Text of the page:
Leafs Win Stanley Cup

Mynarski Lancaster Bomber over Bloor Street
Mynarski Lancaster Bomber Over Bloor Street

Imagine a world where, to paraphrase the astronomer Carl Sagan, billions and billions of connected devices are added to the Internet which sense, monitor and record all manner of digital content such as temperatures or security camera video streams.

But wait.  Aren’t all these functions already available?  Burglar alarm companies, for example, can already send an alarm to my phone. They can even send me a video of the low-life burglar rummaging through my stuff.   So what would be different?

In today’s world, let’s say a grocery store chain needs to install a freezer temperature monitoring network in all freezers in all stores. Not a sexy use case but a necessary one that can save big dollars if a wonky freezer is detected early. The grocery chain would build and pay for a private network to carry the traffic generated by each temperature sensor to a custom application to monitor each freezer’s temperature. A visual display shows the status of each temperature and flashes an alarm should a failure occur.

Rolling your own temperature network won’t be cheap either.

In the new world of the Internet of Things (IoT for short), the “thing” such as a digital freezer monitoring thermometer comes with its own Internet address.  A company can now plug in an off the shelf freezer monitoring systems directly into the Internet and avoid having the hassle of building their own custom monitoring system.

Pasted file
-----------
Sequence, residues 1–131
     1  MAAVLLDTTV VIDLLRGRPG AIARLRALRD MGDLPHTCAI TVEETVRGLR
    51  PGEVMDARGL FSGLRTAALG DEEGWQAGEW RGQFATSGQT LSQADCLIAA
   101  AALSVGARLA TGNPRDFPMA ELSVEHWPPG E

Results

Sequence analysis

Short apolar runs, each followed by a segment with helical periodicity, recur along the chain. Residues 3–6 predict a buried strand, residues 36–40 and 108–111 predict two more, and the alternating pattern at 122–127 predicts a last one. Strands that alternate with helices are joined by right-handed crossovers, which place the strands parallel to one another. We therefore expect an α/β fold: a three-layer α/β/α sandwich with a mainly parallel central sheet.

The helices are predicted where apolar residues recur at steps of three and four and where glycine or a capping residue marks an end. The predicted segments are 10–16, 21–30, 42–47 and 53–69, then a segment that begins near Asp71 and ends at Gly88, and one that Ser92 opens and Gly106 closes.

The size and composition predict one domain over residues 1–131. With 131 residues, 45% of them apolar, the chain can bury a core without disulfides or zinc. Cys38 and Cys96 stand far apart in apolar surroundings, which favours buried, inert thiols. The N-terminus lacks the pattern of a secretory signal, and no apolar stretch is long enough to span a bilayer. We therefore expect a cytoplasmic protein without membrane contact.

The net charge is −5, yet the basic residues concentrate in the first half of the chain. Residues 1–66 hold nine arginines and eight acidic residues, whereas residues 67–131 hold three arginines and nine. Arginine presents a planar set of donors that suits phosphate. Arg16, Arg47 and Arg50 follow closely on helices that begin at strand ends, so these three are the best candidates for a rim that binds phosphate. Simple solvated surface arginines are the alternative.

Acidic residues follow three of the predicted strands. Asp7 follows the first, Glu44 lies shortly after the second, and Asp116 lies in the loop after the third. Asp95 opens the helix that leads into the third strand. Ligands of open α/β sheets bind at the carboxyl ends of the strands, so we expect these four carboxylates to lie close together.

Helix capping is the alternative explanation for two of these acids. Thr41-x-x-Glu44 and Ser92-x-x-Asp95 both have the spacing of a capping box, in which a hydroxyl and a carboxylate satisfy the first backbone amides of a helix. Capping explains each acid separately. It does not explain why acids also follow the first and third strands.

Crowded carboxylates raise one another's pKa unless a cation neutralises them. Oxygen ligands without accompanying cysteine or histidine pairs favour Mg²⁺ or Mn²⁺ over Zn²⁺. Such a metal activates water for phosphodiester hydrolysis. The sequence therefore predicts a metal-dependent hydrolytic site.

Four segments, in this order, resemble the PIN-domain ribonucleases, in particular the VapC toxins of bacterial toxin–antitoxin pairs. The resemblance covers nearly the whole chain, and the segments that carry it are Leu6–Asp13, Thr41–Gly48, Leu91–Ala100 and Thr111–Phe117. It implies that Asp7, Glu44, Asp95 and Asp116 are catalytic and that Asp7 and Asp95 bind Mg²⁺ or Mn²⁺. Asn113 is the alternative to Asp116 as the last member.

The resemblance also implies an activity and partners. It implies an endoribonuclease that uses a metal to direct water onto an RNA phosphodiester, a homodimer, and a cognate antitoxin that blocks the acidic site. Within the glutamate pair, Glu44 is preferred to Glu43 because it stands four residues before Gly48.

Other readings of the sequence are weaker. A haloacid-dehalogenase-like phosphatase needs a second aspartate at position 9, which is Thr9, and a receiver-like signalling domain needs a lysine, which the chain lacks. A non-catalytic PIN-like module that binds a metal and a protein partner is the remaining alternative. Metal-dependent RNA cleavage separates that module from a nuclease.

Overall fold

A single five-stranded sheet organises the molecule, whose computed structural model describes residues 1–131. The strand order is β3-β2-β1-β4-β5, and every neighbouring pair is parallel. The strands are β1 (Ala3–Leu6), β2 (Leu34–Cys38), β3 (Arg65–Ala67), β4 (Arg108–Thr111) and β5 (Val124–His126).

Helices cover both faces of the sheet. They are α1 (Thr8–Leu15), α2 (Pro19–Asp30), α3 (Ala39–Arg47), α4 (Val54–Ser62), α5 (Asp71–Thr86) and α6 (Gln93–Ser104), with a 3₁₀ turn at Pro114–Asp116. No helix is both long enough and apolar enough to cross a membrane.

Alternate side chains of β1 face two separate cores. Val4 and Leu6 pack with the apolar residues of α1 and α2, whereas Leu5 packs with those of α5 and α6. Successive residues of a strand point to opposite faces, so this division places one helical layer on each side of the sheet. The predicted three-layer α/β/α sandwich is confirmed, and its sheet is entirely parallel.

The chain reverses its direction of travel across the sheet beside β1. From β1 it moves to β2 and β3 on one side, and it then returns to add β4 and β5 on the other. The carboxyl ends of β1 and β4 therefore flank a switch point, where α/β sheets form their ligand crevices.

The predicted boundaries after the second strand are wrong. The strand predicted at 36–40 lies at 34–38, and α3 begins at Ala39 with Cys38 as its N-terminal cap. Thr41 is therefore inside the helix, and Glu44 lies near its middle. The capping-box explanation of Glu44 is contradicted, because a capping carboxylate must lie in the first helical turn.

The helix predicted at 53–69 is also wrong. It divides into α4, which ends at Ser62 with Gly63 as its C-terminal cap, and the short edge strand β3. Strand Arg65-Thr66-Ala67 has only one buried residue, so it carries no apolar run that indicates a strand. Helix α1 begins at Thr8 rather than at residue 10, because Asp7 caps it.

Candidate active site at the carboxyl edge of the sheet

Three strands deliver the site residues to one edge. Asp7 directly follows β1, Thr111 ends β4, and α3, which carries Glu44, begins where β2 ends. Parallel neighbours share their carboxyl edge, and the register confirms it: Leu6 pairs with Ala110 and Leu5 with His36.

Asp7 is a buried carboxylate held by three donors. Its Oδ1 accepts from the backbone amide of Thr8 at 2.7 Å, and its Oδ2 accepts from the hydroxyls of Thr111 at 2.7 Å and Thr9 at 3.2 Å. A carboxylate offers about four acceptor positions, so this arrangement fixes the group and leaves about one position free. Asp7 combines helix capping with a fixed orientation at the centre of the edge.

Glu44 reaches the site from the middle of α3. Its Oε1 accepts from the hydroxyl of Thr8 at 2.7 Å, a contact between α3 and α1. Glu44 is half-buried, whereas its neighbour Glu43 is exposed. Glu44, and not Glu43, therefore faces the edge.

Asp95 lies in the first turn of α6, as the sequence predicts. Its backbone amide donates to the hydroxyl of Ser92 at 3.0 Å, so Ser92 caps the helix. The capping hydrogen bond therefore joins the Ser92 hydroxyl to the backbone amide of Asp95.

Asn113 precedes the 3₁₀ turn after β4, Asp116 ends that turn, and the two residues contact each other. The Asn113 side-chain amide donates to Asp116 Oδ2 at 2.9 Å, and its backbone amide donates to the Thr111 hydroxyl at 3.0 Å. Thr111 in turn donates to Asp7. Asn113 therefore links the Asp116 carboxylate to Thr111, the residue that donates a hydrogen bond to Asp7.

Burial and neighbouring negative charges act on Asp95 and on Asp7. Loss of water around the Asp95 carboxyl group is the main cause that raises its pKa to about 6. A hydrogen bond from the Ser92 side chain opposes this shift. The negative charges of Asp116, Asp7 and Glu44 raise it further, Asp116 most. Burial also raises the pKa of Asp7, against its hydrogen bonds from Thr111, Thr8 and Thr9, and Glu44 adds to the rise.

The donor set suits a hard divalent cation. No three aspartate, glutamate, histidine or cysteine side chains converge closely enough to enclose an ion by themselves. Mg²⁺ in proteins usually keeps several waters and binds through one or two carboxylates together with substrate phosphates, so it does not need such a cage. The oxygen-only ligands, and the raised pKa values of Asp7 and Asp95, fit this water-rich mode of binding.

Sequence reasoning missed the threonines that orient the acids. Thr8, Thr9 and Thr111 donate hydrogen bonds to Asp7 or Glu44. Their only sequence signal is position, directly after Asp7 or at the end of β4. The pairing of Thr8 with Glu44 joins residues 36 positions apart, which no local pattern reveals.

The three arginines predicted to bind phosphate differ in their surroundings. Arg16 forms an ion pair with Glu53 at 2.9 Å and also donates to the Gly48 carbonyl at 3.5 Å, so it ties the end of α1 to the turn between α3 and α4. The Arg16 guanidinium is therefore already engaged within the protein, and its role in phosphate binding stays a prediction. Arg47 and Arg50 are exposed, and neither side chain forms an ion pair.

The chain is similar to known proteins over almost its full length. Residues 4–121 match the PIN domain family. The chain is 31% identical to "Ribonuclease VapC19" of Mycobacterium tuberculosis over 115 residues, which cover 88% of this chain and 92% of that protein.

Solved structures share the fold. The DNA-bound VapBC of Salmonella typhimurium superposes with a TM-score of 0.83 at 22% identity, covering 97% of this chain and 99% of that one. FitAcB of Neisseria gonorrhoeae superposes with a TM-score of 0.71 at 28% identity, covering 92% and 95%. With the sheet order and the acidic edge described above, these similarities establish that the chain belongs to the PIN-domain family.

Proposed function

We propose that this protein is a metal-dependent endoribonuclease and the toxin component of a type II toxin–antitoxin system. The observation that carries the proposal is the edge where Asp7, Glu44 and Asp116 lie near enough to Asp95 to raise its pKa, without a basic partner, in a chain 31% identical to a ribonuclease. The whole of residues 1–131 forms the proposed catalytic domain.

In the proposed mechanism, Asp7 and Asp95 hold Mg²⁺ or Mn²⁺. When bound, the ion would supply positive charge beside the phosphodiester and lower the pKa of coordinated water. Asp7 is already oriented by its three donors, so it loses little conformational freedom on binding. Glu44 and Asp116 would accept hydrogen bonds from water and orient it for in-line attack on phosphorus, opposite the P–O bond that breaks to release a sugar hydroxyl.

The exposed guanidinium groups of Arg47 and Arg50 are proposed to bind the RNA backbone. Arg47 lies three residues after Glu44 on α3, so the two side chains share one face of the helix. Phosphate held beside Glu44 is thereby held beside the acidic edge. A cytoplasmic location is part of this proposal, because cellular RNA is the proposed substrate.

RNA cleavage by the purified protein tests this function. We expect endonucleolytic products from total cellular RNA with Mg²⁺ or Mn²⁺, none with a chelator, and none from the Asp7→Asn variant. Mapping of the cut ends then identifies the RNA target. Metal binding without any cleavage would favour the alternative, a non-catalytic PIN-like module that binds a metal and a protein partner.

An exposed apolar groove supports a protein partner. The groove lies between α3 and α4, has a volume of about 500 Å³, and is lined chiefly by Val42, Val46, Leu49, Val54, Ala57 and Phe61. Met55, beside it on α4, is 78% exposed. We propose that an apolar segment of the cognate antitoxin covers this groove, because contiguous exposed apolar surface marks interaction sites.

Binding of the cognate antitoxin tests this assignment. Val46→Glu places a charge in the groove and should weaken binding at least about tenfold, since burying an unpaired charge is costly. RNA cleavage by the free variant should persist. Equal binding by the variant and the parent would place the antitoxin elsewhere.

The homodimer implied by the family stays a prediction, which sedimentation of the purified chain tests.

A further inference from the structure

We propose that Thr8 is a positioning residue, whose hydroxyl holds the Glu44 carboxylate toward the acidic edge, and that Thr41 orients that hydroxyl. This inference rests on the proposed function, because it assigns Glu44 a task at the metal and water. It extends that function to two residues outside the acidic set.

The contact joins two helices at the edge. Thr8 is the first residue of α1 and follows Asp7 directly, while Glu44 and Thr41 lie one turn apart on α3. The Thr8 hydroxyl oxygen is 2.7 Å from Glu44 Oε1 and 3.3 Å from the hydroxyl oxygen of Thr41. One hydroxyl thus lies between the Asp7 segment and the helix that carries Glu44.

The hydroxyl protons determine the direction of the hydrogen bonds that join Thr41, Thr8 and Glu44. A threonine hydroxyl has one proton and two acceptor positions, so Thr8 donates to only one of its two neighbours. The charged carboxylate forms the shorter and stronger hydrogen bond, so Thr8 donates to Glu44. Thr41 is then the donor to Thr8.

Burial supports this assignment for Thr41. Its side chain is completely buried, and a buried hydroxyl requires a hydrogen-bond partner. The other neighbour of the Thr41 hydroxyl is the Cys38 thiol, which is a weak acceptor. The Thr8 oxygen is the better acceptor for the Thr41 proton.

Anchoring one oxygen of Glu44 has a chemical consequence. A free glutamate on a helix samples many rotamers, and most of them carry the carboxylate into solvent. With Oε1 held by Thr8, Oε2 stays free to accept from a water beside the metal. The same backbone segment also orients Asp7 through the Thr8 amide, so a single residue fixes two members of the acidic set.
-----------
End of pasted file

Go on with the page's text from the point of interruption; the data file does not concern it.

Follow the money and you will quickly realize that one aspect of the Internet of Things is about eliminating the cost and effort of building private networks to manage and control a process by using cheap, Internet connected sensors and controller software.

Sounds like Voice over IP where all corporate phones were migrated from dedicated Nortel phones to Internet connected Cisco or Avaya phones.

IoT also offers the potential to develop systems to support new ways of experiencing the environment about us such as sporting events.

Consider a crowd of people attending a Toronto Maple Leaf’s hockey game. Not any hockey game mind you – It’s the Stanley Cup final in 2020. One has to go back to 1967 since the Leafs last snatched the cherished cup from their arch rival in red – the Montreal Canadians. (I must confess that I was a Habs fan back then)

I won’t go into the depravities of what fans had to subject themselves to score tickets to the game!

But  imagine the difference IoT could make. Imagine hundreds of small Internet of Things wireless video cameras installed throughout Air Canada Centre. Let’s go further and imagine that all the players have ShowTime IoT cameras affixed to their helmets.

With a Mobile phone logged into the ShowTime app, spectators’ phones could pick and chose the on-ice and crowd video streams from one of the many vantage points.  Want to be behind the net?  At ice level?  Above the fray looking down with a bird’s eye view? Witnessing a 100 mile an hour puck sailing towards the goalie and the big save of the game?- It’s all yours with ShowTime and IoT.  The winning goal is captured in Facebook at a click of a button for your friends to see.

The fans experienced witnessing perfection that day. The crowd cheered in a deafening roar that drove the Leafs onwards to glorious victory.

No trades on the Toronto Stock Exchange would be recorded for the next five days as Toronto turned into nonstop party central.

ShowTime and IoT helped to make it happen.

Additional Reading
1967 Stanley Cup Finals

1964 Stanley Cup Finals

Tim Horton

De Tomaso Pantera